Monster wildfires have become the new normal

by Roy Keene and Tim Hermach

The wildfire historian Stephen Pyne calls Arizona's Wallow Fire a "monster." "Burning along the trajectory that every major fire in the region has followed, it will burn until the rains come,"
he predicts.

In 2002, the 500,000-acre Biscuit Fire in Oregon was a similar monster. Burning largely in the wild, it torched thinned and unthinned timber, young plantations on dry south-facing slopes and ancient forest stands on moist northern ones. When the wind and heat reached their zenith, vegetation was consumed regardless of its size, species or spacing.

At a cost of $155 million, the Biscuit became the most expensive fire in history. And firefighters never did stop it; it was only halted by the rains that autumn. Afterwards, the naturally recovering area was hammered by brutal salvage logging. A half-billion board-feet of public timber was awarded at fire-sale prices.

What have we learned from today's gigantic wildfires? Some claim that large-scale logging will reduce the spread or severity of these conflagrations. This turns out to be more myth than fact. Historically, logging has ignited or fueled more forest fires than it's prevented. Unpredictable and chaotic, big fires are climate-and weather-driven; they defy predefined behavior.

Timothy Ingalsbee, the executive director of Firefighters United for Safety, Ethics and Ecology in Eugene, Ore., writes that giant fires are "sensationalized by the media like military campaigns." They resemble war in another way: Fighting fires can often do more damage than good.

Ingalsbee's conclusions should be studied and considered by any politician or forest manager who has to cope with wildfire. Among his most important recommendations are launching a national campaign to educate people about fire ecology, creating a national fire plan that focuses on preparing communities, analyzing the risks, costs and impacts of aggressive firefighting and suppression, and discontinuing fire suppression as a management goal.

Meanwhile, expect to hear politicians blaming the Wallow Fire on a century of fire suppression, or perhaps on the environmental groups that sued to prevent pre-emptive logging. Neither has been as damaging to the West as logging.

Some who track forest fires also point to arson as a possible culprit. When fighting a fire, federal agencies enjoy relatively unlimited budgets. Workers put in 100-hour weeks, bulldozers contract at double the going rates, and mills buy scorched but sound timber for a dime on the dollar. Wildfires have become a cash cow for federal forest managers as well as the firefighting and timber industries.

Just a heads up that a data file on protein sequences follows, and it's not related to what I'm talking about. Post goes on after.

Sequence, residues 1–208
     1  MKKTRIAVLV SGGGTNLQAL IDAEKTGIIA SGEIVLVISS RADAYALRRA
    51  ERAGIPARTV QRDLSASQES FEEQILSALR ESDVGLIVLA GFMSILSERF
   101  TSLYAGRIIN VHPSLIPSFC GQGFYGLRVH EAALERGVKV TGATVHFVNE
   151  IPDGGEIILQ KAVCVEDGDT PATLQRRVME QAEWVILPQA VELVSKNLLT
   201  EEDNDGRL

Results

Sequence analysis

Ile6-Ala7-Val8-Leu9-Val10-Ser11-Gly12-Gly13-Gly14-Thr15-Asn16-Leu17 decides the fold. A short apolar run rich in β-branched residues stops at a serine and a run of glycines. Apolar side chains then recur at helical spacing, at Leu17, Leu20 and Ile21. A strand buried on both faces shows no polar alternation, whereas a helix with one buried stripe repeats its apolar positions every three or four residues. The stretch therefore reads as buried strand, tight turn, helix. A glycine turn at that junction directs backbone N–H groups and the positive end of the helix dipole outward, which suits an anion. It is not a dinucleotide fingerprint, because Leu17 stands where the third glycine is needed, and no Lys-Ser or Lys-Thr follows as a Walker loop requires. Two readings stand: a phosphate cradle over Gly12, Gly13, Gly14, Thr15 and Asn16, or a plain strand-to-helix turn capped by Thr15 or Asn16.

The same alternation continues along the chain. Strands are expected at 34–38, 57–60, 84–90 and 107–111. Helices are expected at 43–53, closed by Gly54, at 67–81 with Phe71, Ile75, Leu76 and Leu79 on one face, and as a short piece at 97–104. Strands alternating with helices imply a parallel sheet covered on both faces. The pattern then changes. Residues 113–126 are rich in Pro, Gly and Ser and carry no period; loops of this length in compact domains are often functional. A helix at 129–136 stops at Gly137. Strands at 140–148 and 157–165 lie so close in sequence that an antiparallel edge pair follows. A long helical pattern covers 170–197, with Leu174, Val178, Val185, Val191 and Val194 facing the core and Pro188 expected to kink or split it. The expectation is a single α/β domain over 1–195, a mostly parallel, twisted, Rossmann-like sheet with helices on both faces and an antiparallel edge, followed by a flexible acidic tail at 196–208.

Wildfires also create political opportunity. Two days before President Bush came to Oregon to sell his 2003 "Healthy Forests" Initiative, two timely forest fires (the B&B fires) ignited "by lightning" -- or something else -- spread into a big blaze to become a convenient political backdrop and marketing tool.

Though it was supposed to create fire-resistant forests, Bush's initiative -- a logging plan -- did just the opposite. Ground reviews of timber sales conducted under this initiative exposed most of the operations as blatant timber grabs. Large old trees that had successfully resisted earlier fires were cherry-picked for cutting, fuels were increased by piles of logging slash, soils were hammered and residual stands were left without shade to dry out and burn hotter.

New political ploys to increase logging to reduce wildfire should be carefully evaluated. Because of the financial clout of big timber corporations and the fact that national forests are still budgeted by Congress to get the cut out, calls for logging are difficult to resist. But there's very little in logging that restores forests or mimics natural fire. Wildfire doesn't build roads, compact soils or leave heaps of slash. Wildfire fertilizes, releases and sprouts native seeds, shrubs and trees instead of spreading exotic weeds and increasing herbicide use.

One of us -- Roy Keene -- has worked for 40 years to restore forests damaged by wildfire. He's says what's really needed to reset our overly dense and dry forests is chainsaw and drip-torch work, rather than more logging. That means crews go in to cut, lop and scatter or pile and burn excess small stems and fine fuels, especially along roads and around structures. It's work that uses simple equipment and employs lots of workers. Unlike logging, it's small-scale prescribed burning and cutting, and it is routinely effective. Even more effective, of course, would be prohibiting people from building flammable homes next to or in forests that are sure to burn. At the least, such homeowners should never expect firefighters and taxpayers to pay with their lives and dollars.

This is the kind of safe and specific forest work that environmental organizations could -- and should -- be supporting, rather than collaborative efforts controlled by industry that push reactionary and risky logging.

The writers are contributors to Writers on the Range, a service of High Country News (hcn.org). Tim Hermach is the director of the Native Forest Council, a nonprofit group in Eugene, Oregon. Roy Keene is a forester who has served as Native Forest Council's volunteer forester since 1991.

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